14Key findingsmainstream services must be aware that life in Australia is very different from life in a refugee camp (from household appliances used daily in Australia being new and unfamiliar, to health/medical practices), monitor our assumptions and prejudiceswhen help is needed in Australia an appointment is necessary (often an alien concept)
15Key findingshunger for factual, clear and relevant information on Australian laws, regardless of how these laws might contradict religious or cultural beliefs which isdelivered in participants’ own language (using interpreters)presented by people who are sensitive to and respectful of participants’ culture and who have some understanding of the life participants left behind in their countries of origin
16Building relationships Education programsBuilding relationshipsEducation methodologyContent (depends on individual community)
17Education Program Methodology Workshop formInteractive, designed to match language skills and educational background of groupAccredited interpretersUse of culturally appropriate fictional stories/ case studies to identify legal issues and resolutions (foster privacy of group members by avoiding individual group members’ experiences)Participants generate culturally traditional dispute resolution options and those available through Australian legal system
18Stage Two – Project Overview Education programs continueIncreased staffing allows for more participatory models of CLEOngoing consultation (in CLE preparation and formal participant evaluation)Publication of Legal Education Kit
19What does the Project look like? 3 person team designs and delivers customised legal education sessions on Australian Family Law to CALD communities in SA1 Legal Education Officer (1FTE)2 Bi-cultural administrative officers (1FTE)Part of the Commission’s Education & Training Unit
20Four case studies Enough is Enough Introduction to Australian Family Law - A workshop for Shia Muslim Religious and Community LeadersLaw for Interpreters CourseLiberian Women’s Family Violence ForumIntroduction to Australian Family Law – A workshop for African community members in partnership with the African Communities Council of SA (ACCSA)
21‘Enough is Enough’ The Nile Family Goes to Court Role play staged at the new Family Law Courts during Law Week 2006, in partnership with the Family Law Court’s Adelaide Registry staff and African community workers and leaders .
22Enough is EnoughDemonstrated various stages of the Family Law System, through the experiences of a fictional family of Liberian humanitarian entrants: marriage breakdown; traditional marriage counselling by community elders; intervention by a Liberian problem-solving committee; compulsory Family Court Mediation; and Interim Hearing which culminated in interim orders.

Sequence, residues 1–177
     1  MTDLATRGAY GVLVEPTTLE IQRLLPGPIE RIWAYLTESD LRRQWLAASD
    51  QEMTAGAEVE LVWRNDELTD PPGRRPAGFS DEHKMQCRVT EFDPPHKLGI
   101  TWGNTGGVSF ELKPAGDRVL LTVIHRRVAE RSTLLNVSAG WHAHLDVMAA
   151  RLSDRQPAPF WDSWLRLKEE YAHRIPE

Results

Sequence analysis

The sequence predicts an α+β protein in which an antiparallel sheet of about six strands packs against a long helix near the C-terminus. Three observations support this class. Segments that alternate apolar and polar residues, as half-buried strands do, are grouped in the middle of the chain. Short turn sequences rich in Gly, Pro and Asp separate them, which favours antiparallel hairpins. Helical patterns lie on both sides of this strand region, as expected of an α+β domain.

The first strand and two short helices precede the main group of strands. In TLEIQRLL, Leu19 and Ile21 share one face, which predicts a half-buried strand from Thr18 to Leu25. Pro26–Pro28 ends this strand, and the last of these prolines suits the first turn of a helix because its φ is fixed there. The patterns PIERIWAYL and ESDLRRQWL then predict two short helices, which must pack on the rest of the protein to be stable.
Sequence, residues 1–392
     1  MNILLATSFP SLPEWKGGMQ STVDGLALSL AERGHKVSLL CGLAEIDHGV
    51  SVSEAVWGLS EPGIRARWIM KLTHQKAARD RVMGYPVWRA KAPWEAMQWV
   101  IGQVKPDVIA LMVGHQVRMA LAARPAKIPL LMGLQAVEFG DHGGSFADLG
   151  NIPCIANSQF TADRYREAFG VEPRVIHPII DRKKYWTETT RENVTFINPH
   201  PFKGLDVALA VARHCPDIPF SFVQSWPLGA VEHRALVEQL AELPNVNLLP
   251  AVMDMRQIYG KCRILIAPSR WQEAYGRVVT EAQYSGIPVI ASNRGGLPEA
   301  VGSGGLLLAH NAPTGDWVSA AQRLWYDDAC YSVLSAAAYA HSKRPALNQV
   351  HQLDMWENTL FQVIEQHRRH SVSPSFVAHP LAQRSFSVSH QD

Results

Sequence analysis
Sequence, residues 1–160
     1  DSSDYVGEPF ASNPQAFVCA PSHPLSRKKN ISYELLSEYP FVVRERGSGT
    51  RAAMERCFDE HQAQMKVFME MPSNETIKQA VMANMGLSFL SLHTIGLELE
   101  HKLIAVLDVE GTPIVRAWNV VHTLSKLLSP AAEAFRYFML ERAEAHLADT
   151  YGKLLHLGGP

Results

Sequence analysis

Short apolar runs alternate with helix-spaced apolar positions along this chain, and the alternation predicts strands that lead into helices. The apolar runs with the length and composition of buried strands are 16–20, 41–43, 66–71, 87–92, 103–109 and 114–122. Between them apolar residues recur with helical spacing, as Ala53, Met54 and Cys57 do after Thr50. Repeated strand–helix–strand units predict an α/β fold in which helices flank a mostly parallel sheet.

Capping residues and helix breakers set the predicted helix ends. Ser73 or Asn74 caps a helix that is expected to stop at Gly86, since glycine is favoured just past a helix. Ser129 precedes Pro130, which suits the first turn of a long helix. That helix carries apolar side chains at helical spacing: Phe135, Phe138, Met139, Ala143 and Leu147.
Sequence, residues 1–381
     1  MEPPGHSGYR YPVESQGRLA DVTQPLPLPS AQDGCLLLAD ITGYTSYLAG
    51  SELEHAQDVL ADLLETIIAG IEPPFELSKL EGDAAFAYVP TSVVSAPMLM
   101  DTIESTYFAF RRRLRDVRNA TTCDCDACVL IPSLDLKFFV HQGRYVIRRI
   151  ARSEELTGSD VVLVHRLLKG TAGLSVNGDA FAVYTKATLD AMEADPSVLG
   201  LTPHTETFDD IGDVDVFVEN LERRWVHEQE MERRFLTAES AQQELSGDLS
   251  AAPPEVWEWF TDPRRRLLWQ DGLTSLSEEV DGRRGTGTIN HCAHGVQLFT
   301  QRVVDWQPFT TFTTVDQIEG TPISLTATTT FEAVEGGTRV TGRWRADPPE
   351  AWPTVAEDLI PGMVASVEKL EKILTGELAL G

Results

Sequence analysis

23Enough is Enough Background CALD Project represented on the African Families and Communities Group and worked closely with Family Law Courts (SA/NT Registry) staff on their Harmony Partnerships ProgrammeLaw Week an opportunity to engage African communities in family law education
24Enough is EnoughNeeds analysis with African community workers and leaders revealedMale is traditional head of family (including bread winner) but common in Australia for role reversal common to take place as women often find paid work and become the financial provider while males may struggle to find suitable employmentFemales are often overloaded with both domestic chores on top of external workMales often feel powerless in AustraliaAfrican women call on services to educate their men about law and society in AustraliaFamily violence of major concern to African women‘Bride price’ and its effect on separation, divorce, property settlement and childrenIn many African cultures children over 2yo remain with the husband’s family in the case of divorce
25Enough is Enough Choosing the learning method African culture is predominantly an oral/story telling culture with printed material having limited impactTherefore theatre education useful
26Enough is EnoughCast of African community workers and leaders contributed to the script which ensured that:The scenario was familiar and topicalAppropriate language and cultural practices were showcased (e.g. Liberian problem solving committee)Cast learnt about the Australian family law system (high impact considering their high community status)Their communities attended the event
27Enough is EnoughPlay DVD excerptNote audience participation
28Workshop with Shia Community and Religious Leaders BackgroundInvitation from DIMA to educate Shia religious and community leaders on Australian marriage and divorce lawsIn response to May 2006 DIMA consultation with Shia Imams who inferred that marriages and divorces are solemnized in South Australia by Imams in accordance with Sharia, but without satisfying the Marriage Act or Family Law Act
29Shia Community and Religious Leaders The CALD Project conducted a needs analysis with community leaders from the two major Shia nationality/ethnic groups in SA – the Iraqi and Hazara Afghan groups
30Shia Community and Religious Leaders Learning objectives devised with the community leaders before workshop:understand how to complete a legally valid marriage in Australiaknow the options available for resolving family relationship problems (via legal/ courts system and other)understand how to divorce in Australian (plus difference between divorce & property settlement)understand the options (via legal system & other) available to settle care of children upon separationunderstand the basic principles of the FLA in relation to childrenunderstand that family disputes do not inevitably have to end in court system (i.e. most families make private agreements )know where to get legal advice, assistance & representation
31Shia Community and Religious Leaders Workshop learning method adopted, using story telling scenariosSee Shia Workshop PowerPoint handouts from page 2.